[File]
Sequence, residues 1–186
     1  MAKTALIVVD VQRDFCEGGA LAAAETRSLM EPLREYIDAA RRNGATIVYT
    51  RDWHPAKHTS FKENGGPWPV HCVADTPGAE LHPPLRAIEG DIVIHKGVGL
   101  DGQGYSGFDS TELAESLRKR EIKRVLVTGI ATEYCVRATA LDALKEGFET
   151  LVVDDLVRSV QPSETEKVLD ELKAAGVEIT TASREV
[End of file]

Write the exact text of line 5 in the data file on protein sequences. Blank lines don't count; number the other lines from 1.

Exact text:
   151  LVVDDLVRSV QPSETEKVLD ELKAAGVEIT TASREV